camaraderie

…fellow feeling in both directions     

Needless to say, though it will be said, it has to be said, but it doesn’t need to be said, nonetheless here it is being said: Henry Bridgewater was not a lover of his fellow man… it has been said.

Standing at the window in the staffroom, looking out onto the green, Henry would smile on seeing his fellow man in an unfortunate situation, indeed, here he is now, smiling, actually smiling, the smile can be seen from the other side of the room (it is reflected in the glass of the window), so he’s not smiling inside, smiling slightly nor smiling wistfully, but fully smiling, the nearest thing to laughing, his teeth actually showing, his lips stretching over the smugness consequent of seeing his fellow man in an unfortunate situation, Tommy Kilpatrick, who was himself smiling, almost laughing, sitting on a bench, leaning back on the bench, so almost lying on the bench, practically lying on the bench, talking with his head close to the head, his lips almost brushing her ear, her perched on the edge of the seat, her smiling, her nodding her head, her laughing, a sixth form girl sitting next to him laughing, and Merryweather standing there staring at them both. This was certainly a situation in which Henry would have to acknowledge a complete lack of fellow feeling with his fellow man.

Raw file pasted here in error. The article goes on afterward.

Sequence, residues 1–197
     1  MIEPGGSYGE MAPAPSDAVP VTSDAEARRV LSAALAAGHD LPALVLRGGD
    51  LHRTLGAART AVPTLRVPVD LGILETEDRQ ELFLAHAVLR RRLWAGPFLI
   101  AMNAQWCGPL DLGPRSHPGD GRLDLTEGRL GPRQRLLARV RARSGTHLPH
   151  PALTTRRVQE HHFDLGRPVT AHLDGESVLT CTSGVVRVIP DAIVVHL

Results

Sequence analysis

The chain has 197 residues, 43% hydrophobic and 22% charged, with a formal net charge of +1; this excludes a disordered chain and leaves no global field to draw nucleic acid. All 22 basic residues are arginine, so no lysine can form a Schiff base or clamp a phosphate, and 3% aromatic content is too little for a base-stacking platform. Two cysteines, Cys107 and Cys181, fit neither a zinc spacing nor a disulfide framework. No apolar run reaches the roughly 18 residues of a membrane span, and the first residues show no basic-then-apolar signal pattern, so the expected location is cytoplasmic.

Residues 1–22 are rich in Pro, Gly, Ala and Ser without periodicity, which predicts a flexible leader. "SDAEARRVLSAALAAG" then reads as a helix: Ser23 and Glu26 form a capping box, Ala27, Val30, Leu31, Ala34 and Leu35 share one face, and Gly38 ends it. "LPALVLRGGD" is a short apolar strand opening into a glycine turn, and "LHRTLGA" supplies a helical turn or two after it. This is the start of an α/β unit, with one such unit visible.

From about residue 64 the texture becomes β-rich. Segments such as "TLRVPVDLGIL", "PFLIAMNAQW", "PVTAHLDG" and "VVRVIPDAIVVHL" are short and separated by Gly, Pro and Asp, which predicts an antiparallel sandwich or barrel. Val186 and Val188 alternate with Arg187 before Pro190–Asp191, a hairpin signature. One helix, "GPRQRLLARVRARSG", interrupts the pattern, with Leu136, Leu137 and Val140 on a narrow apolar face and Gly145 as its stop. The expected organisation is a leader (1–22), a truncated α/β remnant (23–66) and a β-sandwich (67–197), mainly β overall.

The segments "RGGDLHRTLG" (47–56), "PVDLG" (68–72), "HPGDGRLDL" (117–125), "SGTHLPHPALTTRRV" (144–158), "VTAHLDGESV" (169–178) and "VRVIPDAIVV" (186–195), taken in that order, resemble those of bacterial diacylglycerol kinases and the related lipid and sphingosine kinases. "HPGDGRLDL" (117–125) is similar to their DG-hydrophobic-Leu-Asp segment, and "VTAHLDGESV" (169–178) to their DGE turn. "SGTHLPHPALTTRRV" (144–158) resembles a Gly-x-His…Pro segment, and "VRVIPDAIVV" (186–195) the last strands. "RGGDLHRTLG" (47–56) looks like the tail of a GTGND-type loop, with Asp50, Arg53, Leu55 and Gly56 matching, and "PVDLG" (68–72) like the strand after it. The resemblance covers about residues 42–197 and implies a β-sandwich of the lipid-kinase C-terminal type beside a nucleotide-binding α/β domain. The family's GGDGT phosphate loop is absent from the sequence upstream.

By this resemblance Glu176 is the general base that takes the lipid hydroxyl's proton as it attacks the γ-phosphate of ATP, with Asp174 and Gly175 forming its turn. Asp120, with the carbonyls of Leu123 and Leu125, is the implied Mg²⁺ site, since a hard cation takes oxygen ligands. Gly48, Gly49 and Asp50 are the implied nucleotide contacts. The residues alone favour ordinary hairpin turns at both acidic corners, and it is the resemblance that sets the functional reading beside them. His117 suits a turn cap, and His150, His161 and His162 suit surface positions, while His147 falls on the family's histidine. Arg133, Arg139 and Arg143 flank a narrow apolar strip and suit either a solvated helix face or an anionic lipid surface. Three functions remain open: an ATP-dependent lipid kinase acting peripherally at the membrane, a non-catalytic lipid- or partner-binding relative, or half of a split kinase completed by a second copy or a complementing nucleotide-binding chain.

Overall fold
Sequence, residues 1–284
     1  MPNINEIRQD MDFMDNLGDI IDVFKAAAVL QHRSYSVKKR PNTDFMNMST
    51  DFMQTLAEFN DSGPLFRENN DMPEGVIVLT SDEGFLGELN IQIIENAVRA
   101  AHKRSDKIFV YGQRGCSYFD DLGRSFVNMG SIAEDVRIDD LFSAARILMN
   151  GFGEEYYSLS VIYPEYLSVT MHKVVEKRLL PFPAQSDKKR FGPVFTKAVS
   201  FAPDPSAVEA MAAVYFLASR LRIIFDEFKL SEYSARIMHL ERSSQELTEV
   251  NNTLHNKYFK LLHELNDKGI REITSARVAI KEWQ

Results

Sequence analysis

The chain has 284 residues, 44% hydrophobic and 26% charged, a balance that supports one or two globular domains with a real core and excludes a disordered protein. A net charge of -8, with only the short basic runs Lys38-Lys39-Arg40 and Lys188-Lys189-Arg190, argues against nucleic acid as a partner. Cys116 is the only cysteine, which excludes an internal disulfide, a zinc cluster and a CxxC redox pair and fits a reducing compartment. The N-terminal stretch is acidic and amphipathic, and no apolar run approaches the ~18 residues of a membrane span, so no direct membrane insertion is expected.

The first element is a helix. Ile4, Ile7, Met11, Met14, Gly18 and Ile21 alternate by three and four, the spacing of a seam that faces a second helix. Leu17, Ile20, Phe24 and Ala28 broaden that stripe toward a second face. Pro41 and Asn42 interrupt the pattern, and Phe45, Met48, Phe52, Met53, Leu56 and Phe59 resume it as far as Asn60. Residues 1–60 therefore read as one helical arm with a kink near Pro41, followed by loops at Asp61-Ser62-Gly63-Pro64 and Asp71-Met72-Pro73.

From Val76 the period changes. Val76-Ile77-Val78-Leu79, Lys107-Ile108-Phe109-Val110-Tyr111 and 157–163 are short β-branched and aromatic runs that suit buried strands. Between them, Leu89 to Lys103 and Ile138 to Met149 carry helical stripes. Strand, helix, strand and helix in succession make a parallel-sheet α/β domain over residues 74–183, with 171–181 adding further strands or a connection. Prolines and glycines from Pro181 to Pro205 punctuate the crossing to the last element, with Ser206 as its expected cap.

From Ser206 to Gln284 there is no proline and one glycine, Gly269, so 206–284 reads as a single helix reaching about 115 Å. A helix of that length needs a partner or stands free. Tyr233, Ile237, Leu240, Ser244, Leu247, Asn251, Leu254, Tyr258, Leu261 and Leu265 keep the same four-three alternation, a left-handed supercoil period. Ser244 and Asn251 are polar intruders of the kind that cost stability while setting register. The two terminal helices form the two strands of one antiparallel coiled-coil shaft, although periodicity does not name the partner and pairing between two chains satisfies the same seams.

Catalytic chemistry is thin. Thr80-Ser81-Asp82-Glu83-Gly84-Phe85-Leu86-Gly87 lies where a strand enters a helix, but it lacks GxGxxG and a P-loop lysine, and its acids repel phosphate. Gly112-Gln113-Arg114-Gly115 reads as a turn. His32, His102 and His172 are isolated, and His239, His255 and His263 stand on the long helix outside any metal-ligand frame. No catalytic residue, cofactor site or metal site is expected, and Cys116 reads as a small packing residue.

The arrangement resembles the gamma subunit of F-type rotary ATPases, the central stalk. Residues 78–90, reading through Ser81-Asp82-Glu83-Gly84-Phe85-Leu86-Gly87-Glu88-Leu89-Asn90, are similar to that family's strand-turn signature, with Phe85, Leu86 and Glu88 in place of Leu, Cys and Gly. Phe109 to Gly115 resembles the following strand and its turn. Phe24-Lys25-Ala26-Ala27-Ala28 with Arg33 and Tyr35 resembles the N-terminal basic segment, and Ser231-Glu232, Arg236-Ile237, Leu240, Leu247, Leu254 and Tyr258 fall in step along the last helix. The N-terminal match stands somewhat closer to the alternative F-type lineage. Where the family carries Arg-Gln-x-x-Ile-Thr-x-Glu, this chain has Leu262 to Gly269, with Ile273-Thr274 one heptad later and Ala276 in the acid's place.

But of course there were others. Other fellow men. But of course. Of course. What others?

How about the others right here, the full range of humanity sitting around the staffroom muttering nothing to each other again and again…like some kind of mantra. Was it a mantra? Or were they just randomly repeating inane comments? Wasn’t that what a mantra was? But it wasn’t giving them any kind of metaphysical gratification… is there such a thing as metaphysical gratification? But why else have a mantra?

With such questions Henry was to be distracted for a moment or two, but when he regained his awareness of the here and now and his place in it, he was again cheered up by the precarious position Tommy Kilpatrick, was in. The sixth form girl was by now giggling in response to Tommy’s latest witty remark, her long dark hair tickling his cheek, her hand resting on the seat just behind his back and Merryweather was huffing and puffing at a fierce rate on the other side of the green, pretending to listen to some person talking to her about some subject. From her perspective this must have looked all very inappropriate. She would be able to make out the laughter gently shaking their heads, probably see the mirth on their faces, the way their eyes met over each terribly funny remark, the manner in which her hair softly touched his face, his hands in his pockets, his whole body laid back, her arm finding support behind his back, perhaps on his shoulder, and above them to the right, or to the left, the beaming face of Henry himself…

Yes, he too appeared in this scene, an appearance which was to straight away dent his enjoyment of it. For a moment he saw his smiling face, framed by the window, held a couple of feet to the left of the offending couple, his enjoyment clearly evident, his lack of fellow feeling, his glee clear for Merryweather to see, his shame, his utter shame…